Farrakhan, Louis,

Farrakhan, 1995
Ron Thomas--Reuters/Copyright Archive Photos

in full LOUIS ABDUL FARRAKHAN, original name LOUIS EUGENE WALCOTT (b. May 11, 1933, Bronx, New York, N.Y., U.S.), African-American leader, from 1978, of the black separatist organization Nation of Islam. A compelling orator whose rhetoric often fell into overt racism and anti-Semitism, Farrakhan was nonetheless effective in encouraging African-American self-reliance and unity.

Farrakhan grew up amid racial tensions in a Boston neighborhood where African-Americans were replacing Jews moving to the suburbs. An honor student and gifted musician, he attended Winston-Salem Teachers College for two years and afterward found work as a calypso guitarist-singer. In 1955 he converted from the Episcopal Church to the Nation of Islam, also called Black Muslims, the unorthodox form of Islam led by Elijah Muhammad.

He rose quickly in the movement, recording an original song "A White Man's Heaven is a Black Man's Hell," and writing two plays that were performed in mosques. He assisted Malcolm X at his mosque in Boston, became minister there when Malcolm moved to New York City, and, when Malcolm converted to Sunni Islam, Farrakhan denounced and replaced him as minister of Mosque Number Seven in Harlem, New York City. Farrakhan later expressed regret at having contributed to the climate of antagonism toward Malcolm that preceded the assassination.

After Elijah Muhammad died in 1975, his son W. Deen Muhammad succeeded him as the principal imam, or leader, of the Nation of Islam and altered the organization's course by gradually integrating the estimated 50,000-member Nation into the orthodox Muslim community. In 1978, however, Farrakhan formed his own sect, which he again called the Nation of Islam and which continued or revived features of its predecessor. His followers often were recruited from the poor and alienated; they abstained from pork, intoxicants, and sexual promiscuity and wore distinctive, austere clothing. Farrakhan emphasized the importance of the family and the need for blacks to develop their own economic resources. He preached the inherent wickedness of whites, particularly Jews.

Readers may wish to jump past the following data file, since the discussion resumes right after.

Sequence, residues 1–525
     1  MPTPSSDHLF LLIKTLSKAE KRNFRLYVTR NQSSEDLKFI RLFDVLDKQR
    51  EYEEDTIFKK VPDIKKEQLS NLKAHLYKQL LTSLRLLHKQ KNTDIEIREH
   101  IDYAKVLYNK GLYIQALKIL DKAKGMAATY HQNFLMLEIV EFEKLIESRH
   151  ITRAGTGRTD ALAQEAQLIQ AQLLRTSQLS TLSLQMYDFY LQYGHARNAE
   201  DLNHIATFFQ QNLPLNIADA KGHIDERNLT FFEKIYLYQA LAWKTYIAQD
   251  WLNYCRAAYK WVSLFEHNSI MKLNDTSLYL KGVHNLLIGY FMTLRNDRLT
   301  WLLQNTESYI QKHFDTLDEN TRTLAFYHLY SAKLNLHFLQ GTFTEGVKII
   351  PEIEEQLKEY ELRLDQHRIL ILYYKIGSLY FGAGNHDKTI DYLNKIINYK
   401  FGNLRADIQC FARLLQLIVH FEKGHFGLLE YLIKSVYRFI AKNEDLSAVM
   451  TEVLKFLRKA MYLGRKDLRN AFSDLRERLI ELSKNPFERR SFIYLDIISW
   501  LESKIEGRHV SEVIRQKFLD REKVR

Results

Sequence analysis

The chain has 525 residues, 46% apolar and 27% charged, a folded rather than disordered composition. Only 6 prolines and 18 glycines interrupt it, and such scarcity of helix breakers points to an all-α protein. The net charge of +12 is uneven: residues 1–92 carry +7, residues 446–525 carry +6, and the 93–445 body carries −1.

Though the separatism Farrakhan preached had encouraged nonparticipation in the political process, in 1983 he registered to vote and campaigned for Reverend Jesse Jackson's candidacy for U.S. president. Farrakhan withdrew his support after Jewish voters protested his praise of Adolf Hitler. In later speeches he blamed the U.S. government for what he claimed was a conspiracy to destroy black people with AIDS and addictive drugs. Beginning in the late 1980s he cultivated a relationship with the Libyan dictator Muammar al-Qaddafi.

When Qubilah Shabazz, daughter of Malcolm X, was accused in 1995 of plotting to murder Farrakhan, the minister came to her support, winning him reconciliation with Betty Shabazz, Malcolm's widow. Later that year, Farrakhan rose to the height of his influence as the most prominent organizer of the  "Million Man March" of African-American men in Washington, D.C. At the gathering, several hundred thousand participants affirmed African-American unity and pledged dedication to family values.


Arthur J. Magida, Prophet of Rage: A Life of Louis Farrakhan and His Nation (1996).